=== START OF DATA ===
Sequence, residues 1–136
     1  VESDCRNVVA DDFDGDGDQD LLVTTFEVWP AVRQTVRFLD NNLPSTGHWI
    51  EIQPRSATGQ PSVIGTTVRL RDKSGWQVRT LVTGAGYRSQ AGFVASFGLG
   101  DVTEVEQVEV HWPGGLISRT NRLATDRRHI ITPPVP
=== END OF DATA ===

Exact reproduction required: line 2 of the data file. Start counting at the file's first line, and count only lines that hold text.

     1  VESDCRNVVA DDFDGDGDQD LLVTTFEVWP AVRQTVRFLD NNLPSTGHWI